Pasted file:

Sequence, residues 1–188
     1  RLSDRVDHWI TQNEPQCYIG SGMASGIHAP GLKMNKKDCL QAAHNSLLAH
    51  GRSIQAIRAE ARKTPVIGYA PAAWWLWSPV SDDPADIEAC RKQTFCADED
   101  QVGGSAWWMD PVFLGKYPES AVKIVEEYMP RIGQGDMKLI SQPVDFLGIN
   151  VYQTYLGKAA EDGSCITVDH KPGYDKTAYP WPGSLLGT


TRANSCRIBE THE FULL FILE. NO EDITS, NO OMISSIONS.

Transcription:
Sequence, residues 1–188
     1  RLSDRVDHWI TQNEPQCYIG SGMASGIHAP GLKMNKKDCL QAAHNSLLAH
    51  GRSIQAIRAE ARKTPVIGYA PAAWWLWSPV SDDPADIEAC RKQTFCADED
   101  QVGGSAWWMD PVFLGKYPES AVKIVEEYMP RIGQGDMKLI SQPVDFLGIN
   151  VYQTYLGKAA EDGSCITVDH KPGYDKTAYP WPGSLLGT